DaSilva said he did ask the architects to design the project in such a way could build in “portions.” “Ideally,” he continued, it would be “built once to save on costs.”

Building the center in phases would be “like kicking the can down the road,” Andrade added, noting any delay would likely mean increases in the price of materials and the need “remobilize” other aspects like the design and bidding processes.

If taken out individually, the pool and its amenities would save some $8.5 million and the auditorium $7 million. The make the building one floor instead of two would save about $6.5 million. But if the intention would be to retain the walking track, the added square footage to the main floor would nullify any savings.

The overarching question, of course, is how will the community center be paid for.

DaSilva repeated the same sources as were mentioned more vaguely when he originally spoke about the project both in the spring and late summer of last year.

He said he would use a share East Providence’s roughly $28 million in federal American Rescue Plan Act allocation, pursue the pot of state money set aside by the administration of Gov. Dan McKee for community centers, attempt to access the police department’s asset forfeiture kitty from the decade-old Google pharmaceutical case or approach the voters to seek approval to “float a small bond.”

The only actual money DaSilva has on hand is the $3 million Congressman David N. Cicilline (D-Dist. 1) appropriated for 11 projects in his district in the federal Fiscal Year 2023 budget.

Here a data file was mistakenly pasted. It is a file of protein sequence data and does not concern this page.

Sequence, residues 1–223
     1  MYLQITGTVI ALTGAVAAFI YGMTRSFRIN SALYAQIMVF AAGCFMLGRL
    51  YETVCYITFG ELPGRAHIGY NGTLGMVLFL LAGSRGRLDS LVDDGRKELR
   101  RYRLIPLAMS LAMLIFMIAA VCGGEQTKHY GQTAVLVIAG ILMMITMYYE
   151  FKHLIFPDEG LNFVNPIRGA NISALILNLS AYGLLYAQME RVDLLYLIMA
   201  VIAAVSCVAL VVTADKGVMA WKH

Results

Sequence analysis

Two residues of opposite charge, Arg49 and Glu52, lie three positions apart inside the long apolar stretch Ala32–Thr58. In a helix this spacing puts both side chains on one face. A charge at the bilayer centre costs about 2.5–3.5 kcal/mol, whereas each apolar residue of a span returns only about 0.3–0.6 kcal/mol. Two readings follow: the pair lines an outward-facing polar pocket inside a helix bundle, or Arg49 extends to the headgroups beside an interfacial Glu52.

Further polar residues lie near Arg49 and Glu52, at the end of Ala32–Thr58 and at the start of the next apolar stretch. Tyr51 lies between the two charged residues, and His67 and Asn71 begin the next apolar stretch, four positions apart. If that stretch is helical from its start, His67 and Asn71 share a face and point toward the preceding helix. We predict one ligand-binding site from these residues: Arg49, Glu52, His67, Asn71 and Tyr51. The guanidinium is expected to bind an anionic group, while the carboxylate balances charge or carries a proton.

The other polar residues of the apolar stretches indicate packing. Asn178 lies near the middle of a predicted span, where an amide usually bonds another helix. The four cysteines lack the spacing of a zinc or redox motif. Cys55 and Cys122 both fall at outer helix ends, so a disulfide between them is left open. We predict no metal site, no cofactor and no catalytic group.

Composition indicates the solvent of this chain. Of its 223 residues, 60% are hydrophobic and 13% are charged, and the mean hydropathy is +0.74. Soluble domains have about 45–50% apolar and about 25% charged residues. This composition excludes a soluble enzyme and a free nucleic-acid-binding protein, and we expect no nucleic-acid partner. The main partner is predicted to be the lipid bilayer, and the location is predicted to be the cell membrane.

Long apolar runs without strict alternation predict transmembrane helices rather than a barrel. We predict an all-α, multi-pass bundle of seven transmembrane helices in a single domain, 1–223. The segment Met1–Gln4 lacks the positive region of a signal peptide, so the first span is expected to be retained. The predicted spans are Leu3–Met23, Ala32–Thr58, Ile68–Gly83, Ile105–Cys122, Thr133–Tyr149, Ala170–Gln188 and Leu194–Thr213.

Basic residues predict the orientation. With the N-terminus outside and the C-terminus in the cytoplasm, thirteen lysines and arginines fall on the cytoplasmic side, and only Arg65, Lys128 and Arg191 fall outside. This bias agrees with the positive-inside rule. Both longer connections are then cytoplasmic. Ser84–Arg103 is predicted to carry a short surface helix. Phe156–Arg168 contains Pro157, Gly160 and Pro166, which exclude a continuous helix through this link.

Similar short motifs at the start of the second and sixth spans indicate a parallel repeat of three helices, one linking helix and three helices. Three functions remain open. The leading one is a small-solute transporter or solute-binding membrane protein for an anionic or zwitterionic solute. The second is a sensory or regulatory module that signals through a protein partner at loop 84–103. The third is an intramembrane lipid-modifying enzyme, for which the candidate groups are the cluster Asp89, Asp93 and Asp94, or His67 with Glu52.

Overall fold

When asked how the city would pay for operational expenses, DaSilva said most of the facility would be run and cared for by existing city personnel. Only the pool would require either hiring additional employees or it could be contracted to an outside vendor.

The majority of the expenses would be garnered through rental fees, using that revenue to pay for any maintenance, up-keep or janitorial services.

DaSilva said, “I feel fully confident with all of the different program out there, not just in East Providence, but in the surrounding area we would generate a profit running this operation.”

The proposal was met with generally positive reviews from the five councilors, though with a hint of skepticism.

Ward 2’s Anna Sousa said her concern was how those who paid for it, taxpayers, would be able to access it while at the same time allowing outside rentals to make it feasible to pay for operational costs.

Ward 4’s Rick Lawson said he thought the concepts were “gorgeous,” though he said he wasn’t “sold” on including the pool, citing the presence like facilities such as the PODs center a few blocks from the Senior Center on Commercial Way, the Boys & Girls Club on Williams Avenue and the Bayside YMCA a few miles south in Barrington.

Lawson also noted the other operational costs of an auditorium like sound and lighting specialists. He also worried about the increased traffic at the already busy location as well as more redundancies with programs offered at others city facilities like the Fuller Creative Learning Center on Dover Avenue.

“Let’s let the ‘Townies’ decide…I’m just one voice of 47 (thousand),” Lawson said.

He continued, referring to the two previous votes of residents to approve some sort of Rec Center in the early 2000s, “Let’s make sure we do it right. Let’s give the ‘Townies’ what they want, but let’s do it right…Let’s not the let the perfect be the enemy of the good.”

DaSilva said, if necessary, he wanted to expedite the process of putting any bond referendum related to the project to the voters by having a question ready for the special election being called this November to, ironically, fill Cicilline’s House seat.

The same day as last week’s council meeting, Cicilline announced he was retiring from Congress as of June 1 to become the CEO of the non-profit Rhode Island Foundation. Cicilline, the former mayor of Providence, has held the House District 1 seat since being elected in November of 2010.